2. dim sum in San Diego will not compare to what you can get in SF, San Jose and the Bay Area. China Max has dim sum but it's "order off the menu" style and I haven't been there yet, so I can't vouch for it's quality.

          Ba Ren (spicy Chinese) off Clairemont Mesa Dr
          Spicy City (more spicy Chinese)
          Pho T Cali on Clairemont Mesa Dr
          Tea Station (boba tea) on Clairemont Mesa Dr
          Boo Cho Korean BBQ on Clairemont Mesa Dr
          Tofu House on Convoy (next to O'Brien's pub)
          Yogurt World in the same plaza as Tofu House for self-serve Pinkberry style yogurt
          Tapioca Express for boba tea
          Chopstix for udon, donburi, cheap tempura
          Tajima for ramen, izakaya menu
          Yakitori K-1 in the Nijiya market center
          Tsuruhashi Japanese BBQ in the Original Pancake House complex
          Izakaya Sakura for sushi and izakaya menu
          Phuong Trang for Vietnamese
          Red Berry for Pinkberry style yogurt. I have not tried it yet but a friend liked it.

          do a search on the board for "Convoy" or the restaurant and you will pull up many threads.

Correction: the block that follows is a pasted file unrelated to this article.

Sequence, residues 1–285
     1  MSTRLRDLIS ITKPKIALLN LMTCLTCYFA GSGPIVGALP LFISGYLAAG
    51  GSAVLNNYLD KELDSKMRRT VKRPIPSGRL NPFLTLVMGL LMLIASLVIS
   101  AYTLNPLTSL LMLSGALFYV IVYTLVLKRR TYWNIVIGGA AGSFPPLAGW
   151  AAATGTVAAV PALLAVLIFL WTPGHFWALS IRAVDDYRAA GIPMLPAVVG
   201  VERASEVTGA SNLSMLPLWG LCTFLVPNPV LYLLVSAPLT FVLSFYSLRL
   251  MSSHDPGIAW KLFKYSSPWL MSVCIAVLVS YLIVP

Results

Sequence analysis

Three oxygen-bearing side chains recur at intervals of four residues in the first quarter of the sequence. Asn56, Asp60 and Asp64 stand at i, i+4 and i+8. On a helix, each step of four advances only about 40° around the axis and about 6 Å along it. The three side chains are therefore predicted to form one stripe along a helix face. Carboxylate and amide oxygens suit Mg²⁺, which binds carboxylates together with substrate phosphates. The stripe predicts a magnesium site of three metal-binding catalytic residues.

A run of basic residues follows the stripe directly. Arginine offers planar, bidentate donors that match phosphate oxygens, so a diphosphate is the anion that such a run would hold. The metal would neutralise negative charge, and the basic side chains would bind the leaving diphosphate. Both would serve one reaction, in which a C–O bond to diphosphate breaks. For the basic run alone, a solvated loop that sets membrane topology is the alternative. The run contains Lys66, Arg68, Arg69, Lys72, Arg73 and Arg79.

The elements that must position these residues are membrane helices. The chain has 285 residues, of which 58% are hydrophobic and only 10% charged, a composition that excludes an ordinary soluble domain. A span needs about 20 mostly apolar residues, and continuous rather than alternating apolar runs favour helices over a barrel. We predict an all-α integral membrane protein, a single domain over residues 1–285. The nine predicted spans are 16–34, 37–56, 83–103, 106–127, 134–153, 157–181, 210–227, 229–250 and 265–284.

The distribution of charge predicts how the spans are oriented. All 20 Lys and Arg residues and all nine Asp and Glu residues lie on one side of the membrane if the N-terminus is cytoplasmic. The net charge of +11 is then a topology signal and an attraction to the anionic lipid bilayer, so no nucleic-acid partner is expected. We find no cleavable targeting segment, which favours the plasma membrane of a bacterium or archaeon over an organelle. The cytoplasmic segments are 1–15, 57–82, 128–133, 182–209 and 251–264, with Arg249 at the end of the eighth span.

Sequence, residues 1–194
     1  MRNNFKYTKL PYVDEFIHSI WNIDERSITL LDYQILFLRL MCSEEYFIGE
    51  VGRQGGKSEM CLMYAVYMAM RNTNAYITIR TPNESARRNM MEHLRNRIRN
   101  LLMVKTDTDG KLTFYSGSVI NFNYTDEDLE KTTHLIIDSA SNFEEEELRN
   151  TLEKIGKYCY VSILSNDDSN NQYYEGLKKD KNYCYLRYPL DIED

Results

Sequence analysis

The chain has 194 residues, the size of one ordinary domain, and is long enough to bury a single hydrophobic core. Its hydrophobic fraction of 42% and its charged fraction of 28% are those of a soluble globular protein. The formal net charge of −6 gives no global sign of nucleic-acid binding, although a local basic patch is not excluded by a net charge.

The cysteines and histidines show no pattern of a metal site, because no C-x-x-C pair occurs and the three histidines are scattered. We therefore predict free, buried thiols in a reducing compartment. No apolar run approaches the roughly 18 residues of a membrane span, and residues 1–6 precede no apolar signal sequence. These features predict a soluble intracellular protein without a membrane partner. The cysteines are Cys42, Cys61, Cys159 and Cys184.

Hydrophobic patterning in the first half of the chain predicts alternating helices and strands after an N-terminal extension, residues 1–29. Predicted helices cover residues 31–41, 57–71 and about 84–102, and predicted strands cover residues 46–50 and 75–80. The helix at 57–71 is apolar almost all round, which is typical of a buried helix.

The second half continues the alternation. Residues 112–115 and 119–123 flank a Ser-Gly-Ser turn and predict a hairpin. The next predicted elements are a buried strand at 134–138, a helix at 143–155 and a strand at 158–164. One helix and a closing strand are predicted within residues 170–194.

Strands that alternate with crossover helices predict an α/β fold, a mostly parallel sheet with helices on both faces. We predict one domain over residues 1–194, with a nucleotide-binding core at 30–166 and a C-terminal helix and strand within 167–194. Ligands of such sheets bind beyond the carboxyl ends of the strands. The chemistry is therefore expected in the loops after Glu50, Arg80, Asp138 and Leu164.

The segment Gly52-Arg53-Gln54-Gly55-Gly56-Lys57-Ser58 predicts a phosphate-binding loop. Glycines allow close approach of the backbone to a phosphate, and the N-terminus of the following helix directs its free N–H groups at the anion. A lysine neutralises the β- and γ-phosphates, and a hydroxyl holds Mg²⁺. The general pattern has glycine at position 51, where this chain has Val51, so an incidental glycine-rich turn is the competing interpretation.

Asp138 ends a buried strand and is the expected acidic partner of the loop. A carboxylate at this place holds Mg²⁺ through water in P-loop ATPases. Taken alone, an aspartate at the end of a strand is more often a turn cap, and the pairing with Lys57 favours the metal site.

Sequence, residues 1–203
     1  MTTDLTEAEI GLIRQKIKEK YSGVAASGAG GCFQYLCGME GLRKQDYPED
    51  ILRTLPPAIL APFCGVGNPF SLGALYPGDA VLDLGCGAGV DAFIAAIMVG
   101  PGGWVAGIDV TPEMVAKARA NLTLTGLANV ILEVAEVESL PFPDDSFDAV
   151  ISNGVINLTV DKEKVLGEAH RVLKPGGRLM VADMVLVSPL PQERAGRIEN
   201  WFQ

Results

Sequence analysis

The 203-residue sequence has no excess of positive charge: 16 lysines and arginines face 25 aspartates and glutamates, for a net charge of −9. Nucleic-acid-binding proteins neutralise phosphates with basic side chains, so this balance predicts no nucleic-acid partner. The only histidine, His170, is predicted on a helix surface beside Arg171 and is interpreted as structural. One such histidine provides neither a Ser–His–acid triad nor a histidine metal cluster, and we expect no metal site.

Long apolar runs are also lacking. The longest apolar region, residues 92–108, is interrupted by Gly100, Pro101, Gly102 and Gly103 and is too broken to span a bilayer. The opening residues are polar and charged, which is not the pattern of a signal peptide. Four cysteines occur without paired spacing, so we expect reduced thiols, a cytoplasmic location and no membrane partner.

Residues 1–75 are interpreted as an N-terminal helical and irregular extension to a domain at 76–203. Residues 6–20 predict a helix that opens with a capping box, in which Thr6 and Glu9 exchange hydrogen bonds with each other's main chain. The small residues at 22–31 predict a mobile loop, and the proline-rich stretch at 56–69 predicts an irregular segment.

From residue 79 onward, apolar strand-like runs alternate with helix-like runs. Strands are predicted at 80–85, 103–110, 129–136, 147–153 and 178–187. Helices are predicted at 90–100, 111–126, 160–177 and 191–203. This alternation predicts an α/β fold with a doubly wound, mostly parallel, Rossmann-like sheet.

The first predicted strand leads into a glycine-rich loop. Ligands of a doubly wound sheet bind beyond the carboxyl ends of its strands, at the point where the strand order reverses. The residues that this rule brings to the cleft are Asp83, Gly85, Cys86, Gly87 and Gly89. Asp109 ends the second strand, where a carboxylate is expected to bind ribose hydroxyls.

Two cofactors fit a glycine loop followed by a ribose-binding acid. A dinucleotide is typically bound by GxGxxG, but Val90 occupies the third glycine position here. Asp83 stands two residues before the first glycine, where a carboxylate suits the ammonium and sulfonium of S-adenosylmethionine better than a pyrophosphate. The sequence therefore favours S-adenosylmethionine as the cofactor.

1 Reply
          1. re: daantaat

            Absolutely agree with daantaat regarding the Dim Sum here. Unfortunately San Diego still doesn't seem to posess the "critical mass" necessary to support a good Dim Sum restaurant.

            Food_Fiend: If in your travels you happen to be in L.A., then the San Gabriel Valley for a long time has been The Place for Chinese food in all of its forms. It's not so much one concentrated Chinatown as much as it is a multi-city regional Chinatown. It really is quite incredible. There are also several establishments from the mainland whose only overseas location is in the SGV, quite a testament to the culinary vitality and energy of the area.